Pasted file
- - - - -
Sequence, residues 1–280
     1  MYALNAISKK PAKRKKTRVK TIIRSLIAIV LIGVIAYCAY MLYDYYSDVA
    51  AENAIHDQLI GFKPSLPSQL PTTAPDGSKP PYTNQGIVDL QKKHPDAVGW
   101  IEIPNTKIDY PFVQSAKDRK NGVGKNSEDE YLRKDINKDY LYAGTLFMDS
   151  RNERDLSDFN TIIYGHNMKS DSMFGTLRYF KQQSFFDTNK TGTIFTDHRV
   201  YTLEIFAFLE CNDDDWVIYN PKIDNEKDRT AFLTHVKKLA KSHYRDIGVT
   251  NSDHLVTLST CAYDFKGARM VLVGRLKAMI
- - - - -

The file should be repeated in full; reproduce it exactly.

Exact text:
Sequence, residues 1–280
     1  MYALNAISKK PAKRKKTRVK TIIRSLIAIV LIGVIAYCAY MLYDYYSDVA
    51  AENAIHDQLI GFKPSLPSQL PTTAPDGSKP PYTNQGIVDL QKKHPDAVGW
   101  IEIPNTKIDY PFVQSAKDRK NGVGKNSEDE YLRKDINKDY LYAGTLFMDS
   151  RNERDLSDFN TIIYGHNMKS DSMFGTLRYF KQQSFFDTNK TGTIFTDHRV
   201  YTLEIFAFLE CNDDDWVIYN PKIDNEKDRT AFLTHVKKLA KSHYRDIGVT
   251  NSDHLVTLST CAYDFKGARM VLVGRLKAMI